Pizza, Beer & Beards. What could be manlier than the preceding list? Right. Crafting wooden handles for the tools used in the aforementioned manly pursuits! To truly personalize your facial grooming, suds and pizza pastimes, I suggest that we head out to the shop for a little wood turning! Our esteemed sponsor Rockler Woodworking and Hardware sent us a nice selection of turning kits to try out this week. I must say I thoroughly enjoyed the process and think you will too. And if you end up with some wood chips in your beard, or some finish on your shoes, just know it’s for a good cause!
Taking Stock of the Kits
The three kits were: a pizza cutter, a bottle opener and a cool custom razor handle. Let me say, as a wood turner, I’ve used many turning kits in the past, but none from Rockler Woodworking and Hardware.
I was first struck by the weight of these kits. They seemed much more substantial than what I’d used before. The hardware was high end (the pizza cutter is stainless steel) and the quality was striking. They even seemed to include clear and simple directions. (Not that I’m into directions or anything…)
Selecting Your Wood
I decided to make all three kits from some walnut I had on hand in the shop. I figured it would give them a matching set look. As with any tool handle you want to have the grain running the length of the handle for added strength.
The blanks for the pizza cutter and bottle opener were the same size and turned in identical fashion. Start with a blank 5-7” long (depending on your preference) and 1 ½” square.
Drilling at the Lathe
I used my 4 jaw chuck to hold the blank on the lathe and drilled from the tail stock. This ensures you get a dead centered hole.
The hole is 1/2“ as per the directions. Following directions is not the manliest thing I’ve done, but it worked out well for me this time. (Shh. Don’t tell my wife!)
Next, it’s simply a matter of driving in the threaded insert.
The Allen wrench was provided in pizza cutter kit, but any 5/8” Allen wrench will work. I epoxied the hardware in because of it’s unequaled holding power, and I sorta like the smell!
Making a Manly Mandrel
Can we start turning yet!? Soon. The last thing we need is a means of holding the workpiece, (again to the directions). They suggested cutting a 5/8 bolt with a hacksaw and placing in a Jacobs chuck and mounting the piece on the end. So, I brutally attacked a harmless carriage bolt and discarded its head. With two nuts added on to provide a positive stop it held like a charm.
Time for Turning
Yes. Now we turn. Turn whatever shape you like. This is the freedom of woodturning. There are no requirements or measurement, just make it as you want. I added a bump in the middle which gave the handle a nice grip in my hand.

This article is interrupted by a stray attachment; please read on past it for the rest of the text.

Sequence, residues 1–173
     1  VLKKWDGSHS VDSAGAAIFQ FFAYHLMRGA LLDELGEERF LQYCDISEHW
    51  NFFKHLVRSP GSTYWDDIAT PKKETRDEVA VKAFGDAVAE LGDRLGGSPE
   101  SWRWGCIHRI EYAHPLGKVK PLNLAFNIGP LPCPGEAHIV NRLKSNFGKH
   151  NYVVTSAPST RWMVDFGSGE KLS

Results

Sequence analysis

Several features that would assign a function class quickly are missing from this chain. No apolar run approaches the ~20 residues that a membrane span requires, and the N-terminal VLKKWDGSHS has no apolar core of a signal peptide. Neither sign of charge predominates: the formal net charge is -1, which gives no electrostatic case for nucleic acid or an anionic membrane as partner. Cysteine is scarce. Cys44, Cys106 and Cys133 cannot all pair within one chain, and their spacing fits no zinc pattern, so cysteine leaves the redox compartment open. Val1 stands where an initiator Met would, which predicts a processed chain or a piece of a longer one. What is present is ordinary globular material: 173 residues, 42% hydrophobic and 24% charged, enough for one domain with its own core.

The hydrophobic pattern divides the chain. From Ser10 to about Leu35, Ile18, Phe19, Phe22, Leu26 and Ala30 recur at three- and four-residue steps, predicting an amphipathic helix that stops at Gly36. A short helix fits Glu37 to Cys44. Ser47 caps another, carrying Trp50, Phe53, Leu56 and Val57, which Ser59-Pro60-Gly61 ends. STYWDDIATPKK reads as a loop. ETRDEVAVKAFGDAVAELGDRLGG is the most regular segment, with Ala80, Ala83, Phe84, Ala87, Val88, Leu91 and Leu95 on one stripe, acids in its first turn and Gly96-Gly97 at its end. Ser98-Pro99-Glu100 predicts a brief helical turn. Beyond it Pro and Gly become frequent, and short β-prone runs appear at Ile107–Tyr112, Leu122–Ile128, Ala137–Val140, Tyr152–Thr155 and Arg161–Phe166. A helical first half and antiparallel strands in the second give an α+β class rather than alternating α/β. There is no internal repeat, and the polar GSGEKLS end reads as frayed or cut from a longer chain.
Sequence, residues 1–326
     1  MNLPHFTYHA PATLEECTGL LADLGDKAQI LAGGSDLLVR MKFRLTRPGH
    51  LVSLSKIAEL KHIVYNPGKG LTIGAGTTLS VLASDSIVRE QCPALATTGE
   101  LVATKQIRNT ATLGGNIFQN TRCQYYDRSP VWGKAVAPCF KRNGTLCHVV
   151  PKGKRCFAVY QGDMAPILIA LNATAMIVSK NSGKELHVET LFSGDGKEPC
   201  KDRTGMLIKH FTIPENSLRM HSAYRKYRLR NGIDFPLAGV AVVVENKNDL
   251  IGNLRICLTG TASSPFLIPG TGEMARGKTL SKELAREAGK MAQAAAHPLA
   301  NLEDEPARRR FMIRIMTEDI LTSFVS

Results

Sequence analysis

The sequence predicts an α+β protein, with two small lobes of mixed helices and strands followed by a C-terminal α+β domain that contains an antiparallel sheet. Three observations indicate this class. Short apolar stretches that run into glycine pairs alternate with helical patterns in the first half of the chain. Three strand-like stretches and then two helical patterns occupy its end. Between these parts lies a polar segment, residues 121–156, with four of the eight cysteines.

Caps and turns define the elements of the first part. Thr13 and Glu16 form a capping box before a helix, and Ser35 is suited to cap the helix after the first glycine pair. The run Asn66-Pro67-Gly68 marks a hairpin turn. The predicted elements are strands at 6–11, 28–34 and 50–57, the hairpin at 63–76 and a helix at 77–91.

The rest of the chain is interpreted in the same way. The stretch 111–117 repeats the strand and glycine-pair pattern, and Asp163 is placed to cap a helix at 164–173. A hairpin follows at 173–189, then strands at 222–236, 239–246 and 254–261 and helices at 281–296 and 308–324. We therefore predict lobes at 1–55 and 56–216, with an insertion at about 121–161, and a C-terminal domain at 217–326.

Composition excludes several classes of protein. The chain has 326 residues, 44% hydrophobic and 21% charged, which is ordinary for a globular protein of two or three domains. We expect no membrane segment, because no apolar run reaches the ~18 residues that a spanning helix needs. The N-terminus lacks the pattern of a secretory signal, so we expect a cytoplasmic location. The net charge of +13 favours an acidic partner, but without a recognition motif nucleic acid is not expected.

Sanding on the Lathe
As I’ve said before, sanding sucks. But sanding on the lathe is a bit less hassle. NEVER wrap your hand around the piece or you might end up with missing digits. Apply pressure from underneath and move the paper back and forth briskly along the work piece. Then power off the lathe and take a dozen strokes up and down the handle with the grain to remove any circular marks left behind.
I like shellac as a finish, and I use it on almost everything. But handles are a different matter. Lacquer, polyurethane or clear enamel are better choices for a tool handle that will be in a kitchen. Water is the enemy of wood and a thick film finish will help protect them better.
Simply screw the tool handles into the included hardware!
As for the razor handle, it is a different animal. It is turned like a pen and as such you need some special pen turning accessories.
7mm pen mandrel
Bushing for this kit
These are not included but are necessary to complete this handle. If you are setup for pen turning, you should have no issues with this kit.
A 7mm hole is drilled in the ¾” square blank and an included brass tube is glued in place. After the glue dries, you use a barrel trimmer in a hand held drill to square the tube to the blank. At that point you can mount it on your pen mandrel.
You need a set of bushings (round metal gauges on either end of the blank) to hold the blank and give you a reference for its final size.
Turn it down to size, sand and finish. Once dry you simply press the included end hardware pieces in place with a vise or clamp and screw the razor head on. Again a very nice heavy kit with quality hardware. I used walnut and finished it with CA, but polyurethane or lacquer would be just as good.
I think they turned out great, but then I’m a bit biased. These kits were well made and with good, clear directions. You supply the wood (or other material for that matter) and you could be using said tool in less time that it takes to wait for your pizza delivery guy.
I’ve had a lot of good things to say – nice hardware, clear instruction and a basic process. Are there any downsides to these kits? I would say they tend to be more expensive than other kits I’ve used. It seems to me they’re worth it. Is that extra cost worth it to you? I’ll let you decide.
Where to Buy
Stainless Steel Pizza Cutter Kit : Rockler.com $19.99
Mach 3 Razor Handle Kit: Rockler.com $8.99
Pewter Bottle Opener Kit: Rockler.com $8.99